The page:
crocheted carpets in their designs. Another strong leitmotif in many of
the collections was the ability to connect and combine unusual
materials in the clothing, such as plastic, copper, plastic and glass.
"It was the first time we ever did the show in Tel Aviv and it
was a huge success," Shabani said. "I'm very proud of all of the
students, especially the graduates who worked so hard to produce
incredible collections with individual signatures."
My top picks for creativity, innovation, and beauty are the following five:
Entitled "Circus," this stunning first collection was inspired
by the freak-show posters used to advertise the traveling circuses that
were incredibly popular during the 1920s. She came up with the concept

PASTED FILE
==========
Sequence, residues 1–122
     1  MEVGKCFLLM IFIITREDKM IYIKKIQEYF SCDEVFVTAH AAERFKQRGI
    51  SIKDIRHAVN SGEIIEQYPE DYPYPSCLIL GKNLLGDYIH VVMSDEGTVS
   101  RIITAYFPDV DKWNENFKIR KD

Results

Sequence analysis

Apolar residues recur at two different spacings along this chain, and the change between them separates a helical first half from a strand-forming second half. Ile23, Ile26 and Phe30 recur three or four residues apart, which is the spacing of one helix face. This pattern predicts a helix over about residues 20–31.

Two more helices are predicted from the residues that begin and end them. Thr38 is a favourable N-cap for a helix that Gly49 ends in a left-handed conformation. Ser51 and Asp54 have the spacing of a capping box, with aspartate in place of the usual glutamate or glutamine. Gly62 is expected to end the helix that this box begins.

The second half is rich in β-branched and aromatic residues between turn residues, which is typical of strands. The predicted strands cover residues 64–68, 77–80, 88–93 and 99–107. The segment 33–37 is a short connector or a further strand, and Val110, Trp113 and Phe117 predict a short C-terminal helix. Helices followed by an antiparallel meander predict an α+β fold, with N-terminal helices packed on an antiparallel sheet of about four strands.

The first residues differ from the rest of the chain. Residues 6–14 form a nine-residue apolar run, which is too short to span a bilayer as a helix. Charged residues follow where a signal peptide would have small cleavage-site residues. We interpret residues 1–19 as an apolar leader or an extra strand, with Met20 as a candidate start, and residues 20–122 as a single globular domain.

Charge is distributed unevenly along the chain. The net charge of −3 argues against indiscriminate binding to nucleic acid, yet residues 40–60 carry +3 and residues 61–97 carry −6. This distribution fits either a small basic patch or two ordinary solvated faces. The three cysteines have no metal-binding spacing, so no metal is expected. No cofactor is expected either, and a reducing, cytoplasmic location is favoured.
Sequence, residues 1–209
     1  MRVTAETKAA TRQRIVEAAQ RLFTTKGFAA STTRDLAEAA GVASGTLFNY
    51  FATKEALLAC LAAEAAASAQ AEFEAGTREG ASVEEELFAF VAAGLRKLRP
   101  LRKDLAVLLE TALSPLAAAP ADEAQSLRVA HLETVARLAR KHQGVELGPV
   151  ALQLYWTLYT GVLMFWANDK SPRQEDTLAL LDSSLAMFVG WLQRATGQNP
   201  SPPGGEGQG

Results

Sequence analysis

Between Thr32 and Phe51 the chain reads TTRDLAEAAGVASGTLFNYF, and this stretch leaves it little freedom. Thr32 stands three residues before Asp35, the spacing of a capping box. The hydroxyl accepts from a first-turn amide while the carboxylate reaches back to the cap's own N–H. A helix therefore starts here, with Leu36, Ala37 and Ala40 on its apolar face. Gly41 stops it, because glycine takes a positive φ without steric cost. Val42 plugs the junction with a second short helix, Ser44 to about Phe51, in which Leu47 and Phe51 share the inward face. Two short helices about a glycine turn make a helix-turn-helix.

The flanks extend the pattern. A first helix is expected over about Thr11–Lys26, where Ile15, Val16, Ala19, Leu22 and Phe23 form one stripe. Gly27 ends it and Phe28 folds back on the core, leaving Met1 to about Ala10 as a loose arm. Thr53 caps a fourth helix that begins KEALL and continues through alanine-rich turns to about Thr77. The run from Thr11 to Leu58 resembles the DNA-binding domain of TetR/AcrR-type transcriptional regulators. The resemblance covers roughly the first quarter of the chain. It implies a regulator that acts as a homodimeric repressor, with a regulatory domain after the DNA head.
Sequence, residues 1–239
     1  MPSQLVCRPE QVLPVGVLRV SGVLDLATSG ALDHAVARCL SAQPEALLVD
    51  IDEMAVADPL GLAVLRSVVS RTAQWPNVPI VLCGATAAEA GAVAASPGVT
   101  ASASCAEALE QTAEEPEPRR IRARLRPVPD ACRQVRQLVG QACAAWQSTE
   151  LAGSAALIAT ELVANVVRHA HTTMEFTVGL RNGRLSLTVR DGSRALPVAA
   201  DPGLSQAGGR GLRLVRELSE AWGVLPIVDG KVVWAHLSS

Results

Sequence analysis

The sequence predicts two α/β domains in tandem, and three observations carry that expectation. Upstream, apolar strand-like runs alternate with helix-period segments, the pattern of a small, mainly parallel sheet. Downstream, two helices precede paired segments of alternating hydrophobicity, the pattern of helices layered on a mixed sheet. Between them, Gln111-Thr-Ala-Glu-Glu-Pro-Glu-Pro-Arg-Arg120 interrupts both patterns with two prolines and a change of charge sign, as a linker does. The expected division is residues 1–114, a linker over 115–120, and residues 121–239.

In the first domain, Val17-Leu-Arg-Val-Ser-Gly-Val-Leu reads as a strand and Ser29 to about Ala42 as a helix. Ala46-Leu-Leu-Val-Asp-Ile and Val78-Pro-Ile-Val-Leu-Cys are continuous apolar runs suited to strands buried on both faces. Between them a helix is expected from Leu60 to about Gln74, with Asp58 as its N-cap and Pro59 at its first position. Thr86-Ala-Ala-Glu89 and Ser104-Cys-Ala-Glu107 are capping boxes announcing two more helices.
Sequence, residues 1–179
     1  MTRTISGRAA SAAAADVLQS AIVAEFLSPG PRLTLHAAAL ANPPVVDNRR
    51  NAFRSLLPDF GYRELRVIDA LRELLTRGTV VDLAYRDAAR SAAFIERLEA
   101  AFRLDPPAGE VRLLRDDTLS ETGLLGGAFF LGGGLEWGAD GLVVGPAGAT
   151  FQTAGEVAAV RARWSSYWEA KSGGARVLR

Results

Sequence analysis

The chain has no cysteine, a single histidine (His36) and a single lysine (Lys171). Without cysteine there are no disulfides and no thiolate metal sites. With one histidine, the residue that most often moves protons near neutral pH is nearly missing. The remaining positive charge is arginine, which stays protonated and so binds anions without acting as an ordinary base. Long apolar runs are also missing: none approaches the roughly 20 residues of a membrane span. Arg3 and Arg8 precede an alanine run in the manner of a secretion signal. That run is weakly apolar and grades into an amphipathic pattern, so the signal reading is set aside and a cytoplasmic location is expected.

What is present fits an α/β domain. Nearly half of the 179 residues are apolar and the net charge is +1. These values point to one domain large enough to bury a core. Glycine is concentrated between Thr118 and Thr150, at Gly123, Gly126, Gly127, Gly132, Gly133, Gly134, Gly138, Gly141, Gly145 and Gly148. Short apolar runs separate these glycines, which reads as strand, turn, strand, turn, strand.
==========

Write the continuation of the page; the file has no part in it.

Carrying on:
during her research and was attracted to the idea of a clothing line
that would be both flattering and unique. "I really like unusual
things, and this theme allowed me to pull materials from my
grandparents, the flea market and second-hand clothing shops."
Although the embroidery work in some of the pieces was already
made, Zorea did the sewing herself. She also hand made the tights and
all of the accessories, including the hats and jewelry. One corset in
the show combined an antique piece of embroidered flowers with sturdy
striped material ordinarily used for furniture. A bright
yellow-and-black overcoat was made from an old carpet and the belt
around one dress was originally for drapes. "It was a long process to
come up with the ideas and then search for the right materials, sew it
and come up with the right combinations."
Zorea admires the crazy combinations and theatrical ideas of
LaCroix and hopes to continue making outlandish but elegant evening
wear. "Once I had my ideas together and I found the materials, the rest
went smoothly. It was time consuming because I'm a perfectionist, so I